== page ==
Gold in them there hills

Earlier this year, when his doctor encouraged him to become more active, 50 year old Erlend Bore purchased his first metal detector. One day, after searching a beach with little success, he decided to change his strategy, as he told Norwegian Broadcasting. He looked out over the landscape and thought, “If this was a long time ago, where would I have been?” Bore moved to higher ground. There, his metal detector began to beep. He got to work on the Norwegian island of Rennesøy and quickly stumbled upon something strange.  At first, he thought he’d unearthed some old foil wrapped chocolate coins; in reality, but he’d struck gold. He dug up nine engraved gold pendants, ten gold pearls and three gold rings—all dating to the sixth century. The discovery is the first of its kind in the country since the 1800s. “I was suddenly sitting with a gold treasure in my hands. There were lots of little gold pearls. Here it was important to get everything and not lose anything.” “This is the gold find of the century in Norway,” says Ole Madsen, director of the Museum of Archaeology at the University of Stavanger, in a statement. “To find so much gold at the same time is extremely unusual.” Soon after, Erlend sent a photo of the find to nearby experts.

The pendants and beads likely once made up “an exceptionally splendid necklace.” The jewelry may have been “crafted by skilled goldsmiths and worn by the most powerful individuals in society.” Dating to 500 C.E., “This period likely marked a crisis with crop failures, worsening climate and plagues,” says Reiersen. “The numerous abandoned farms in Rogaland from this era suggest that the crisis hit this region particularly hard.” The gold pendants – flat, thin, single-sided gold medals called bracteates – dated from the so-called migration period in Norway. Unlike other pendants from the era, which show the Norse god Odin healing a horse, these pendants show only a horse. They were worn to bring protection and good health. While Odin doesn’t appear on the newly discovered pendants, “On these gold pendants, the horse’s tongue hangs out, and its slumped posture and twisted legs suggest that it is injured,” says Oehrl. “Similar to the Christian symbol of the cross, which was spreading in the Roman Empire at the same time, the horse symbol represented illness and hardship, but also hope for healing and new life.”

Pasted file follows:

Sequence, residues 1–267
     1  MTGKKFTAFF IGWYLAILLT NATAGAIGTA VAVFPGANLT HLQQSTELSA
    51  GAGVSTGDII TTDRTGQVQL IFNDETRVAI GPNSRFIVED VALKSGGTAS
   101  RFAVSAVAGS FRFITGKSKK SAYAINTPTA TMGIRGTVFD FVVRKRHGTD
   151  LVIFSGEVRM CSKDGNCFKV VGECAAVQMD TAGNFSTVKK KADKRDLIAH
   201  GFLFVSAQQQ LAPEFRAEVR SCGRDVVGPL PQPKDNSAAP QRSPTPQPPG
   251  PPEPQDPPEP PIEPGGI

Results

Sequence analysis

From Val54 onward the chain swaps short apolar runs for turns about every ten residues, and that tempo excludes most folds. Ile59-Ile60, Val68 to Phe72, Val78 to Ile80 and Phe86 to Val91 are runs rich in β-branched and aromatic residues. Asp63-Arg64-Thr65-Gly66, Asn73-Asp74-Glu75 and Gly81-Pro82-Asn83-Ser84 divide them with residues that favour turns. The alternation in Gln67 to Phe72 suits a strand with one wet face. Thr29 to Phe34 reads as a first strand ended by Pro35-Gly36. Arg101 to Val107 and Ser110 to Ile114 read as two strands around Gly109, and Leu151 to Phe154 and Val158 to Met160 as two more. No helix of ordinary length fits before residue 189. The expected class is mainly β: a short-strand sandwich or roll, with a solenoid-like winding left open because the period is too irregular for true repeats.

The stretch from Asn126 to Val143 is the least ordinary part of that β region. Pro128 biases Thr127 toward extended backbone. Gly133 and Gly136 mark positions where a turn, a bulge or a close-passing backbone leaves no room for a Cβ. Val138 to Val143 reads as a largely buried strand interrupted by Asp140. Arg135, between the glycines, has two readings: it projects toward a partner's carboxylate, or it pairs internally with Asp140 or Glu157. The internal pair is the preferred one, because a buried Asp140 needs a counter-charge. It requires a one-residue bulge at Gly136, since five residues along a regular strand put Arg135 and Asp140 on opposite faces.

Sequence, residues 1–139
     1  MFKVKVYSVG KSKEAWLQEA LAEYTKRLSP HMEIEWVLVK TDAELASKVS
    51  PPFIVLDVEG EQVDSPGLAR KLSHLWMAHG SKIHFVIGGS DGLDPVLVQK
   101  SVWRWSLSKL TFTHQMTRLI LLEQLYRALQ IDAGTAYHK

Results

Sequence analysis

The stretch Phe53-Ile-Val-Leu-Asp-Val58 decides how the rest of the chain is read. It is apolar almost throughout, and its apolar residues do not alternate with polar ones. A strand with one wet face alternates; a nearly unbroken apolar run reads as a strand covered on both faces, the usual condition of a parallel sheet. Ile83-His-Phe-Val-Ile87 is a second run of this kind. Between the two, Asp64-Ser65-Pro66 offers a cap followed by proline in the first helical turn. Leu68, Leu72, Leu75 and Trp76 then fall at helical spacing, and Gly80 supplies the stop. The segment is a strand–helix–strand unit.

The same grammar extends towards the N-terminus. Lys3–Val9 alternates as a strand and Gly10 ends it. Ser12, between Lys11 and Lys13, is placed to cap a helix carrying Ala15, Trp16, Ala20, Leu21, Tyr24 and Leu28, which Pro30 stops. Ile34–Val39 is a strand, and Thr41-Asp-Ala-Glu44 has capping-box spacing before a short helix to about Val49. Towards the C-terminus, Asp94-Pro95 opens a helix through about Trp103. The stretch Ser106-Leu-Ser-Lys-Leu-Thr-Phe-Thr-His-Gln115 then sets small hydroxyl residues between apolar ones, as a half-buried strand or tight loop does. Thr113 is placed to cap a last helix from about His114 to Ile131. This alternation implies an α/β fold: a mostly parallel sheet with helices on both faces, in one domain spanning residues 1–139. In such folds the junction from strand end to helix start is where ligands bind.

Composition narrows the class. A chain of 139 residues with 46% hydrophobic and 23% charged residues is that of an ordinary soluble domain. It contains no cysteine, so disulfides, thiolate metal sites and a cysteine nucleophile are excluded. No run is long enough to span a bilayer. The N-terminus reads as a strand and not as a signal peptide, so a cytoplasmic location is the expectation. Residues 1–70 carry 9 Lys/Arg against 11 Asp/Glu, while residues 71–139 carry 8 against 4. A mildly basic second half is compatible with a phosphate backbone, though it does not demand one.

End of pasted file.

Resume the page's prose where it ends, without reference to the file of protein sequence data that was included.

Conservators at the Museum of Archaeology are now cleaning the artifacts, which they hope to put on public display. Bore will, however, receive a finder’s fee, and he plans to continue his new hobby.

Look what I found!

Just found an app that tells you which of your family members and friends are racist.
It’s called Facebook.

Found a hair in my McDonald’s burger, I was so surprised…
…I didn’t know they used natural ingredients.

Yesterday, I found $20 on the street on my way home. As a good Christian I thought “What would Jesus do”…… so I turned it into wine.

I just found my wife has a Tinder profile and I’m furious.
She is absolutely not “adventurous” and “fun to be around”!

I just found out that Jehovah’s Witnesses don’t celebrate Halloween.
I guess they don’t like random strangers showing up at their door.

September 19th Birthdays

1941 – Cass Elliott, 1986 – Song  jum-ki, 1965 – Sunita Williams,  1949 – Twiggy

1933 – David McCallum, 1948 – Jeremy Irons,  1980 – John Paul Green, 1969 – Michael Symon

Morning Motivator:

Don’t be afraid to go out on a limb. That’s where the fruit is.

See Yesteryear’s jewelry